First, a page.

International law is the set of rules, agreements, and treaties that are binding between countries.
When sovereign states enter into agreements that are binding and enforceable, it’s called international law.
Countries come together to make binding rules that they believe benefit their citizens.
International laws promote peace, justice, common interests, and trade.
International laws apply to governments.
It’s up to each state government to implement and follow international laws.
A country’s laws apply to citizens and other people who are present in the country.
However, it’s up to the country’s governing authority to apply international law and keep their agreements with the other countries that are involved.
What Does International Law Involve?
International law might address and regulate any of the following issues:
- Human rights
- Treatment of refugees
- Prosecution for international crimes
- Arms agreements and controls
- How states can claim new territories
- Regulating common spaces like water and outer space
- Trade between states
- Preventing war
- When it’s okay for a state to use force
- Fair treatment of prisoners
- Preserving the environment
International Law and State Sovereignty
One of the complex issues in international law is the issue of sovereignty.
That’s the idea that the state is supreme and that a state isn’t subject to the rules of any other country or body.
It’s the idea that one country can’t tell another country what to do.
State sovereignty is a relatively new concept in history that rose as more governments organized themselves into states in the 18th and 19th centuries.
Because of the notion of state sovereignty, international law may only be as effective as the extent of the country’s true, honest participation in making and following the international laws and treaties that they agree to.
To the extent that a state may halfheartedly participate in an international agreement only with the hope of making other countries happy, enforcing international law can be a challenge.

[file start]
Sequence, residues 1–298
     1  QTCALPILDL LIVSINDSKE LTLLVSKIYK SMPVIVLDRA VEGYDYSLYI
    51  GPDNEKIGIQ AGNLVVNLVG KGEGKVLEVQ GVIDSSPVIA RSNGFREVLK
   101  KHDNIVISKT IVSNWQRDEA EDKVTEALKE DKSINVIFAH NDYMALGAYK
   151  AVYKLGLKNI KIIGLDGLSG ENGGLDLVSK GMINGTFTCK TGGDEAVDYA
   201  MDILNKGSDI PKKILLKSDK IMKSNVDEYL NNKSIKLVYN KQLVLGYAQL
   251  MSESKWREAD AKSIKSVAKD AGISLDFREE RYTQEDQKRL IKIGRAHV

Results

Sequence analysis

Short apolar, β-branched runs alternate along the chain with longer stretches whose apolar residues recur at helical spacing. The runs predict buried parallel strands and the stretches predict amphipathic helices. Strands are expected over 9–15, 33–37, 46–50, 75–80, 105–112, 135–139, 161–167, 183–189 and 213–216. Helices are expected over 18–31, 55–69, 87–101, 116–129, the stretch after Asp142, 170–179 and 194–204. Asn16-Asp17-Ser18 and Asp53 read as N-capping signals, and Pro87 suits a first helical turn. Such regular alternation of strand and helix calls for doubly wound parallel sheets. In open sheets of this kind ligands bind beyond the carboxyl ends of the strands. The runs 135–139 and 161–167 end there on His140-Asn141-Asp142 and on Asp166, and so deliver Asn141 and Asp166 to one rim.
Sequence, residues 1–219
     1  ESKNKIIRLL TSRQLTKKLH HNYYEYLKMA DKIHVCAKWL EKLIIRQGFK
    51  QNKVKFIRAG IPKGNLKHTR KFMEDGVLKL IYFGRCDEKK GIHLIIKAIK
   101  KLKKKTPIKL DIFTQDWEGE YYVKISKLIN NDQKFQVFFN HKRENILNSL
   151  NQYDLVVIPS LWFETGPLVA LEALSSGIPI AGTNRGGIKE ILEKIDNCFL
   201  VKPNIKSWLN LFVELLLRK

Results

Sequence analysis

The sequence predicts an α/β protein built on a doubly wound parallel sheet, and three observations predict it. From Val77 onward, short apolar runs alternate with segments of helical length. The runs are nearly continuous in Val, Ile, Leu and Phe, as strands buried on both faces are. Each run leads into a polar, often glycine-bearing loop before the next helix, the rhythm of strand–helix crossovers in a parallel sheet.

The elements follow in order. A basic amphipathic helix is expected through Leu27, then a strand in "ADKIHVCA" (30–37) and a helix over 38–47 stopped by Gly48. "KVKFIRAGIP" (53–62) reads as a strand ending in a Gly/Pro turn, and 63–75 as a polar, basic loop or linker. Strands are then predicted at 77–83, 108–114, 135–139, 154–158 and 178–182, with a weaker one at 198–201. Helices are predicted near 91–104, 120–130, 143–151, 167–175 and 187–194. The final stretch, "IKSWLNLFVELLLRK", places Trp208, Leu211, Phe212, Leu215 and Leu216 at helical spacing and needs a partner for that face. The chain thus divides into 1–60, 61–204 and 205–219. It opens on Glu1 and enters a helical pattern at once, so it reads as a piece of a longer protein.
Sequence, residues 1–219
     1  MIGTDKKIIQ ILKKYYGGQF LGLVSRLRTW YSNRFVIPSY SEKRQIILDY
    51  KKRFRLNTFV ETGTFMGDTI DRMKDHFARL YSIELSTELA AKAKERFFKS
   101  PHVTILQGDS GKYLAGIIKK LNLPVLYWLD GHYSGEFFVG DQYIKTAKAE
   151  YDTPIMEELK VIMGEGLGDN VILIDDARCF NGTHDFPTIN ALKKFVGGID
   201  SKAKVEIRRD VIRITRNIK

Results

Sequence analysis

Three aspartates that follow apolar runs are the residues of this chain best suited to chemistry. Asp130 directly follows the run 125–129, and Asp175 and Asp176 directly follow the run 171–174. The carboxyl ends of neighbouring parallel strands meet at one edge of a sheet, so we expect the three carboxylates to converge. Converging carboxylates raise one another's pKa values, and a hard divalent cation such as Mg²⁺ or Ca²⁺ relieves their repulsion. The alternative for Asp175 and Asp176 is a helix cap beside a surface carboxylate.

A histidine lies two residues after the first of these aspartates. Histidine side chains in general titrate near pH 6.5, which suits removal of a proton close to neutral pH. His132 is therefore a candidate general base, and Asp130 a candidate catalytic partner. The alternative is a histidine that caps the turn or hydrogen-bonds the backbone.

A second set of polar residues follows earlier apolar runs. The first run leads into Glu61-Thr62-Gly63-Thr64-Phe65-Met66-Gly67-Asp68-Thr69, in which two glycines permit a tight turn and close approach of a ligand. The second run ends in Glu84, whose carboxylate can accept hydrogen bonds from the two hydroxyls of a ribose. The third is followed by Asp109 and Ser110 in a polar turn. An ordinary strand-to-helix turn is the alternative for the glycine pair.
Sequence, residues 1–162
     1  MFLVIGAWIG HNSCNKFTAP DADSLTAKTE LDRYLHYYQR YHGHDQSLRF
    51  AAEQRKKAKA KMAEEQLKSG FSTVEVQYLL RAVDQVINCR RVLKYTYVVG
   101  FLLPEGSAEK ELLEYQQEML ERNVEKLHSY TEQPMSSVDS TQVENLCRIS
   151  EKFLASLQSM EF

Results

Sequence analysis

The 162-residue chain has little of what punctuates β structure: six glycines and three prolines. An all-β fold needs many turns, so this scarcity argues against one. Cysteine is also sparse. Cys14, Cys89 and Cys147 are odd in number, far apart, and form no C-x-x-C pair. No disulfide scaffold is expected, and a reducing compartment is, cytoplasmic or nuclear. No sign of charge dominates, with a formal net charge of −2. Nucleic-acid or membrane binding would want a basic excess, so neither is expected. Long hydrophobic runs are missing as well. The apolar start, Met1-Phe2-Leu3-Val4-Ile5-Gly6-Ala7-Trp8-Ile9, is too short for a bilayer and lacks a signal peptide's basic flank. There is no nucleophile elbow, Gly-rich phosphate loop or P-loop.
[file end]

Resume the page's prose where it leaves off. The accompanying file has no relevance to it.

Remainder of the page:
Some countries might claim to follow an agreement while skirting the rules, and others might not even try to hide their failure to follow the international agreements to which they’re a party.
International leaders, philosophers, and politicians continue to debate the authority and enforceability of international law in light of modern state sovereignty.
Sources of International Law
International law generally comes from three sources: treaties, customs, and general principles of law.
Treaties are express agreements that countries enter into voluntarily.
They’re written agreements.
The Vienna Convention on the Law of Treaties of 1969 calls for the interpretation of treaties based on the plain language of the words in the treaties.
The context of the words and the presumption of good faith and good intentions can also play a role in interpreting a treaty.
The United States signed the Vienna Convention on the Law of Treaties in 1970.
Customs are common practices between countries.
They’re common practices that are so expected and consistent that countries operate with the belief that the custom is legally required and binding.
Examples of customary law are the prohibitions of a state using or condoning genocide or slavery.
Generally, as long as a state doesn’t object to customary law, it applies to that state.
Finally, principles of law are general rules of law that develop over time.
Principles of law are an understanding of how the law should work based on past rulings.
In addition to looking at past rulings, international courts can also look to judicial opinions for help identifying and interpreting international law.
Just like other judicial bodies look to case law and scholarly treaties, international courts and others interpreting international law may look to these sources for authorities on interpreting international law.
International tribunals exist to hear and adjudicate disputes and violations of international law.
There are several international tribunals with varying authority.
Notable international courts include the United Nations Security Council and the International Criminal Court.
Some international courts exist on a permanent basis.
In other cases, member states set up a tribunal for a limited period of time to resolve a certain issue or conflict.